Toxoplasmosis is certainly a mouthful. Its large name seems intimidating, but it shouldn't be a big deal for most animal lovers. A common parasitic infection, it usually doesn't pack a powerful punch unless your kitty has some preexisting conditions that make them susceptible to stronger symptoms.
Humans aren't immune from toxoplasmosis, either. As a cat owner, it's important to read up on the subject to understand its effects and how to prevent this curious disease.
Toxoplasma gondii (T. gondii) is a microscopic parasite. It causes toxoplasmosis in many mammals, but cats are the biggest transmitters for unknown reasons. T. gondii thrives in places like raw meat, water, and soil, but its internal survival rate is highest in felines. If a cat becomes infected, the disease lasts a few weeks. Fortunately, just like in other animals, your kitty will most likely be immune from future toxoplasmosis episodes once the infection runs its course.
If your cat eats commercial food and hangs out at home all day, they're going to have a lower chance of contracting toxoplasmosis. Stray and outdoor felines have higher rates due to their lifestyle. Tainted raw meat is usually the cause. Rodents, in particular, are considered intermediate hosts. T. gondii lives in them, and then the infected rodent becomes a cat's prey. This kicks off the transmission's cycle.
Litter boxes are your biggest in-house threat for toxoplasmosis. T. gondii lives in feces, so if an animal licks or eats anything from the pan, they're at a higher risk of contracting the infection. It's important to note that ingestion is the only way a mammal can contract the parasite.
T. gondii is hardy. It becomes contagious after 24 hours and will survive in an external environment for months or even years. Cleaning litter boxes daily is a primary way to defend your home against its effects. Always follow the N+1 rule, too: have one more pan than cats. So if you live with multiple cats, do your best to give each pet their own personal area.
Around half of all adult cats carry toxoplasmosis antibodies. This means that about half the feline population contracted the infection at one point. Yet in most pets, an owner will never know.
A healthy immune system will usually keep the infection from causing any illness. The body can handle T. gondii without presenting any symptoms. This doesn't mean the animal doesn't have it, though. An infected kitty in good health and showing no signs can still transmit the disease to a compromised companion through ingested fecal matter.
At-risk cats include pregnant females, those with weak immune systems or preexisting medical problems, kittens, and seniors. For those in these categories, the illness should last its typical duration, but the after-effects may be longstanding if untreated. In certain instances, they could continue for the rest of the animal's life.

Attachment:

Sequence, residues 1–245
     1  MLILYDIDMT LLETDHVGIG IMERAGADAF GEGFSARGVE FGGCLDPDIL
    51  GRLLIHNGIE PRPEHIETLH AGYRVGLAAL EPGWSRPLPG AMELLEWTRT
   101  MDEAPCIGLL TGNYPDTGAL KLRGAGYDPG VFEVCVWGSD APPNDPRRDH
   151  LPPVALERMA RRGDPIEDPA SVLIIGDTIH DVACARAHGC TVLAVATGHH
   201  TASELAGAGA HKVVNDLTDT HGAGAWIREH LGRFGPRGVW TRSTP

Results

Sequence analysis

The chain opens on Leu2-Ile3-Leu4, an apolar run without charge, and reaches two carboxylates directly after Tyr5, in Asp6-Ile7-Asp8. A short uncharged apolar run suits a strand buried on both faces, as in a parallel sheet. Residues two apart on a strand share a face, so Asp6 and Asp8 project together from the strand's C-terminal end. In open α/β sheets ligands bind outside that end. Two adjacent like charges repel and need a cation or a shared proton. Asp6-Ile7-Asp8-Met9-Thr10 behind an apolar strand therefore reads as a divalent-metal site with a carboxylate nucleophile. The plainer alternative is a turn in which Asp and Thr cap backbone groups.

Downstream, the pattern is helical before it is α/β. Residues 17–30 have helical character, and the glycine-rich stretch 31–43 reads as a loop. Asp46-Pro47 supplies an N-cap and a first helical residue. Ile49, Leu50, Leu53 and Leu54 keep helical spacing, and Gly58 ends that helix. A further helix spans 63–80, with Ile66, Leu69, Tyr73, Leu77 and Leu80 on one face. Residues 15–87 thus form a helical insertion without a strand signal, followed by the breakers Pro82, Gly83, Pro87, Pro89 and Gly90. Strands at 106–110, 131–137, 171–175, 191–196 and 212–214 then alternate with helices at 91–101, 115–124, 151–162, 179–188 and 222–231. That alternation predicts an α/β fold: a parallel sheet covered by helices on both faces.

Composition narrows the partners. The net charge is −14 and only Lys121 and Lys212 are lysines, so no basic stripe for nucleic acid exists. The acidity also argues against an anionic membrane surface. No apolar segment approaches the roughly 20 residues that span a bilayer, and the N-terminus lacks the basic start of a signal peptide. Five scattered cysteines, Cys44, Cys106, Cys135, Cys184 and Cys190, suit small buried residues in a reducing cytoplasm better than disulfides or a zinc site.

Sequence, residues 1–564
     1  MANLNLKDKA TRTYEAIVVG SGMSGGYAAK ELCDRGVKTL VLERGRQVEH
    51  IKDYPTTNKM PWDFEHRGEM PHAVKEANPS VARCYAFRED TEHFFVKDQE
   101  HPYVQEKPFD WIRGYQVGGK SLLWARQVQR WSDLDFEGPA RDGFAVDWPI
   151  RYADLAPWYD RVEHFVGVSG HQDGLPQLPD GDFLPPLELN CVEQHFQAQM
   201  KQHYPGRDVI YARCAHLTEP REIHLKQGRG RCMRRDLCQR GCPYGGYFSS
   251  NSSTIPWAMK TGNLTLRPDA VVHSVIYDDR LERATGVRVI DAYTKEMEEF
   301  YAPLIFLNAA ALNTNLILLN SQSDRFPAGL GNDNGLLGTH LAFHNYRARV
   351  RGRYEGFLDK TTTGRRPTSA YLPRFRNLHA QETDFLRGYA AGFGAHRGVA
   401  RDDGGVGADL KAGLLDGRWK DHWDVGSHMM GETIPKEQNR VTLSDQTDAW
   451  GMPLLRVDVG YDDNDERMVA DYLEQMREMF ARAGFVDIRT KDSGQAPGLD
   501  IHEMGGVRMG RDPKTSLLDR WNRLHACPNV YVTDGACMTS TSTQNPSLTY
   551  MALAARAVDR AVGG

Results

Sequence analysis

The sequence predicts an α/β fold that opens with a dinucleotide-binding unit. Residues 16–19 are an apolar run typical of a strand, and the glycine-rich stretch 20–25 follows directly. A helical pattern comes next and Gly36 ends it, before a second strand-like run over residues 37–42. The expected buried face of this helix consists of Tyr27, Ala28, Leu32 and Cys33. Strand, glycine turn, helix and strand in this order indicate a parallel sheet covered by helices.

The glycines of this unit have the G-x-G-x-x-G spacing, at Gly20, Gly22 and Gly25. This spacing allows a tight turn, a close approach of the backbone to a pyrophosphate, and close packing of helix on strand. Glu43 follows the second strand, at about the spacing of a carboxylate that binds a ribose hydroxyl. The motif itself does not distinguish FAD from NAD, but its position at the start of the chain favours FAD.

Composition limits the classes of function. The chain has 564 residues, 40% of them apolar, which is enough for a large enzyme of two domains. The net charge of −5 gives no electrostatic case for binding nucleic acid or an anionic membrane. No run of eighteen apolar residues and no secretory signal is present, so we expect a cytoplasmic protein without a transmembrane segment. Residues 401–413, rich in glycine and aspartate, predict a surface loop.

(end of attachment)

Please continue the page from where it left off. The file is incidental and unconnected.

Symptoms can range from mild to severe, depending on your kitty's health. Fever, diarrhea, lethargy, loss of appetite, jaundice, seizures, respiratory issues, vision problems, lack of coordination, and unusual behavior are the primary signs. Call your vet immediately if your cat has any of these physical or behavioral symptoms.
A healthy kitty likely won't end up at the vet's getting diagnosed. For an ill feline, a medical history review and a physical exam are standard. Then the cat will have a blood test. If the animal has been exposed, this test will indicate one of two antibodies: either past infection with current immunity or an active infection.
A rigid course of antibiotics is the top treatment for toxoplasmosis, and symptoms should clear up in a few days. Depending on the animal's condition, other medications should also be administered. If there are vision issues, a steroid cream will help. Oral steroids are highly effective, too. And if the cat isn't eating, an appetite stimulant may come in handy.
Aside from litter box changing, cleaning, and separation, there are a few other steps you can take to decrease the chances of a toxoplasmosis outbreak in your home. Keeping your cat inside at all times will lessen the likelihood of them eating infected meat. And definitely skip the homemade diet: feed them high-quality commercial food that's properly prepared and tested instead.
Despite the larger in-house threat, toxoplasmosis doesn't have a higher rate in cat owners. Usually, if a human contracts it, it's due to infected meat. And the same signs, or lack thereof, that occur in cats will also show in humans. Healthy individuals often won't have any indicators and the disease will run its course. Those with preexisting conditions will require medical treatment. Children, seniors, and pregnant women are also more susceptible. Symptoms include aches, fever, fatigue, and coughing up blood.
You already know how to keep up with litter boxes to minimize in-house risk. Remember to wear gloves whenever you're cleaning or changing them, and always thoroughly wash your hands afterward.
The same rings true for whenever you're doing yard work. Whether you have an outdoor cat or a stray pays a visit to your landscape, they could use your yard as a litter box. These precautions will help keep yourself and your home safe. Also, don't let any at-risk people deal with cat litter or gardening.
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